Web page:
How Data Literacy Saved My Family

Life lessons about diversity and inclusion and the importance of getting different perspectives, both in life and in your data

How Data Literacy Saved My Family

Growing up I used to hear similar sayings all the time that I did not really believe and just thought were cliché, like “don’t judge a book by its cover”, or “there are two sides to every story”. At that point I honestly thought I knew everything there was to know but in reality, I knew very little about anything.

As I grew older, I studied math and statistics in school and was taught there is only one answer to a given problem. Whether it is a calculation, a true statement for a theorem, or something else, there was always only one right answer. Everything was black and white.

Then as I got older and had a family, I was presented a challenge. My oldest son is autistic. Without going into much detail, it can be very frustrating because the way he looks at the world and perceives things is very different than how I perceive things or how other kids perceive things. To him, the world is just like we are taught in math and statistics: black or white, right or wrong, true or false. There is no room for interpretation and there are not multiple sides to every story.

Then I started diving more into data literacy and had a realization. A data point, a piece of evidence, or an observation. They all actually have many sides and are all parts of a puzzle. There is a story there waiting to be unlocked. It is true the value of a point of data may be the number 2 or the color yellow, but what does that really mean and what can we do with that information? This ties to the concept we have been talking about a lot with data-informed decision making. A single piece of data, or a single observation or piece of evidence is 1 dimensional. When you start to combine data together you are starting to put the pieces of the puzzle together. Then when you add in your experiences and beliefs to it, it starts to come to life and tell you a story. That can give you great wisdom and insights. This is one reason why decision making should celebrate diversity and inclusion and be a team sport, as you are able to see multiple sides of the data and what its story is.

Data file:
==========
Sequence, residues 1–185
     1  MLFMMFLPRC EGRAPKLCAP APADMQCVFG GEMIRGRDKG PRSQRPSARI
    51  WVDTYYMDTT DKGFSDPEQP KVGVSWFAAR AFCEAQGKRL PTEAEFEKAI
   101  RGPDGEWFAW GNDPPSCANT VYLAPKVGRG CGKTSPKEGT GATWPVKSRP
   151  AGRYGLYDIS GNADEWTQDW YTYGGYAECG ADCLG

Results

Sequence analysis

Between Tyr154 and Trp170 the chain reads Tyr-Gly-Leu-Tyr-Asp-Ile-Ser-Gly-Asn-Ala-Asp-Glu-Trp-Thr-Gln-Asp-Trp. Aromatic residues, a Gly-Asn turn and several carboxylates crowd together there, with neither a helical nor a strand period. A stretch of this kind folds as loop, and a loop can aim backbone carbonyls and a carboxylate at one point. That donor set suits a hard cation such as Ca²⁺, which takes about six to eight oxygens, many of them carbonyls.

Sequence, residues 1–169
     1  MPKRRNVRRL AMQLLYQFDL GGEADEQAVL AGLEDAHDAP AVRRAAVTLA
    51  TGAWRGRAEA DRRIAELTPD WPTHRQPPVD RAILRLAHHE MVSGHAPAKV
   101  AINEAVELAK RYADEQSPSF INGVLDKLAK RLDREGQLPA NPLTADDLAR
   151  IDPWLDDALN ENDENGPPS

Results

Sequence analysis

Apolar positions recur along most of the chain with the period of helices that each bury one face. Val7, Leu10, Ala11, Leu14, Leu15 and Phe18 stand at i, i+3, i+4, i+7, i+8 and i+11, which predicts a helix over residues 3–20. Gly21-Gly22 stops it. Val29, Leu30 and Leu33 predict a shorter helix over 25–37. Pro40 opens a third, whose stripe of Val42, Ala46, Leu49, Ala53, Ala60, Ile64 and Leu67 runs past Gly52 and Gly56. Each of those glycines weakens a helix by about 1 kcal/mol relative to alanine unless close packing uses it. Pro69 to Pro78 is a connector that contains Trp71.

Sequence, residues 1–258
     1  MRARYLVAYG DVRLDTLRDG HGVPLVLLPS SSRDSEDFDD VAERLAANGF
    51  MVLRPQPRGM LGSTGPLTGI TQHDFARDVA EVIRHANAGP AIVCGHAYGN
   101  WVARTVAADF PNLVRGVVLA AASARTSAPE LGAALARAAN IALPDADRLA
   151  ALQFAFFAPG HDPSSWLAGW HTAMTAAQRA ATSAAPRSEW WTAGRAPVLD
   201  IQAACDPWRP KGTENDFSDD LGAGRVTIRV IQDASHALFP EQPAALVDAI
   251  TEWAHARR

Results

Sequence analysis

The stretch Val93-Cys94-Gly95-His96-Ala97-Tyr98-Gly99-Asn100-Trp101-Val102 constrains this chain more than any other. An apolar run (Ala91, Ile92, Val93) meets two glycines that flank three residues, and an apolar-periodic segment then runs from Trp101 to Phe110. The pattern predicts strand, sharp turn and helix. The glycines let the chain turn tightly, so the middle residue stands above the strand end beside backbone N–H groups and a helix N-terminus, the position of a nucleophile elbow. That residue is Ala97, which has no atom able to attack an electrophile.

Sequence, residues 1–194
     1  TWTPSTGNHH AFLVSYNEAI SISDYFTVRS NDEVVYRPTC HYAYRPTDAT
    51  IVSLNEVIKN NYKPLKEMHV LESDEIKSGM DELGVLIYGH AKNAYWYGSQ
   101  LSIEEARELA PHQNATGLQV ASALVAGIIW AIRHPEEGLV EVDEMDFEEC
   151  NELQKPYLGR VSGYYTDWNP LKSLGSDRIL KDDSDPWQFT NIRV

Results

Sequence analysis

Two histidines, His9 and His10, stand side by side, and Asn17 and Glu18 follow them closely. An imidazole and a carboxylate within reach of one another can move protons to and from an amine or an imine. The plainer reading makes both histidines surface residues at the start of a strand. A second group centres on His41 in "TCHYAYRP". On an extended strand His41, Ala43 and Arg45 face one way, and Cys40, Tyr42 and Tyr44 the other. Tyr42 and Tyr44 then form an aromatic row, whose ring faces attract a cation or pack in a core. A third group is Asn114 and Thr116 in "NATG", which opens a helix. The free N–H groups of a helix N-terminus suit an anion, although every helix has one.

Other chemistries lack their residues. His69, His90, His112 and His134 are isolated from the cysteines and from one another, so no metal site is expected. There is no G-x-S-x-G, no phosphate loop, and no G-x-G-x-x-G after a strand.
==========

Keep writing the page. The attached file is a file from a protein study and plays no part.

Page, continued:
With that realization and gained wisdom, I started to apply this thinking to my son. I stopped looking at his attitudes and behaviors as wrong. Just like with data, there is a story there and a puzzle that was waiting to be put together. I just needed to put aside my bias and try to understand his side of the story based off his experiences and beliefs.

My goal now is to always educate him on different perspectives, so he hopefully will be well rounded and cultured one day and see that the world is not black and white. While this has not been a total success yet, the tenets in data literacy are the same ones I now apply to him. I am always curious why he believes what he believes and why he does what he does. I challenge him often and I ask him sometimes to think through his thought process so I can hear his perspective. In many cases, I have left the conversation realizing it was I who had tunnel vision and bias, not him. It has opened up an entire new world of collaboration between us and I have a ton more of wisdom than I did before as a result.

Going back to data for a second. In business, we should not think like we did back in school that there is only one right answer when it comes to data and analytics. Your experiences, combined with experiences from others will allow you to turn that data into insights and wisdom that will continue to help businesses, help society, and help our planet. Continue to be curious about the data and challenge it. Try to find ways to disprove it rather than looking to justify it. And just like I now celebrate the diversity and different perspective from my son, I also preach that businesses should do the same when they are making decisions., it will help you understand the different sides and stories data can tell, and it truly can change the world by making more informed decisions.

What does the saying don’t judge a book by its cover have to do with data? Our own Kevin Hanegan explains.

 

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